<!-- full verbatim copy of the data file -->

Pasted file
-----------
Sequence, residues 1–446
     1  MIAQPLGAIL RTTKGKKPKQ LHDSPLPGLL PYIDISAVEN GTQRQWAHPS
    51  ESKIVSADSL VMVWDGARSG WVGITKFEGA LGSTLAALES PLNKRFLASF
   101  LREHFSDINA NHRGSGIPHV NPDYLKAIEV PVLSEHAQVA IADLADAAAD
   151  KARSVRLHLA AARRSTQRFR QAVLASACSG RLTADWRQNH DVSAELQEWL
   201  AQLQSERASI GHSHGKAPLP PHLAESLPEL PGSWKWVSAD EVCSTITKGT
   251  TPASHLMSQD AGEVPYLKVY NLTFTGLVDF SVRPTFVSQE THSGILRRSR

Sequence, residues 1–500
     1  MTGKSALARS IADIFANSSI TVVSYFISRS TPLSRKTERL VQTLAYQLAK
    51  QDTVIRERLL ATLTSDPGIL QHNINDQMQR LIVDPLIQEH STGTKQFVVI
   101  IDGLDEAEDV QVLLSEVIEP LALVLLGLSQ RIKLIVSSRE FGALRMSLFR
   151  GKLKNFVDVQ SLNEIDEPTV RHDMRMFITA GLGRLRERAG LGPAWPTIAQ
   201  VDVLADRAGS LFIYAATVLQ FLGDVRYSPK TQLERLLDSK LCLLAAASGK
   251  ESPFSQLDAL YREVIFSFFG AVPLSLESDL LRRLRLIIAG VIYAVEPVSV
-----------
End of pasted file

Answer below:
Sequence, residues 1–446
     1  MIAQPLGAIL RTTKGKKPKQ LHDSPLPGLL PYIDISAVEN GTQRQWAHPS
    51  ESKIVSADSL VMVWDGARSG WVGITKFEGA LGSTLAALES PLNKRFLASF
   101  LREHFSDINA NHRGSGIPHV NPDYLKAIEV PVLSEHAQVA IADLADAAAD
   151  KARSVRLHLA AARRSTQRFR QAVLASACSG RLTADWRQNH DVSAELQEWL
   201  AQLQSERASI GHSHGKAPLP PHLAESLPEL PGSWKWVSAD EVCSTITKGT
   251  TPASHLMSQD AGEVPYLKVY NLTFTGLVDF SVRPTFVSQE THSGILRRSR

Sequence, residues 1–500
     1  MTGKSALARS IADIFANSSI TVVSYFISRS TPLSRKTERL VQTLAYQLAK
    51  QDTVIRERLL ATLTSDPGIL QHNINDQMQR LIVDPLIQEH STGTKQFVVI
   101  IDGLDEAEDV QVLLSEVIEP LALVLLGLSQ RIKLIVSSRE FGALRMSLFR
   151  GKLKNFVDVQ SLNEIDEPTV RHDMRMFITA GLGRLRERAG LGPAWPTIAQ
   201  VDVLADRAGS LFIYAATVLQ FLGDVRYSPK TQLERLLDSK LCLLAAASGK
   251  ESPFSQLDAL YREVIFSFFG AVPLSLESDL LRRLRLIIAG VIYAVEPVSV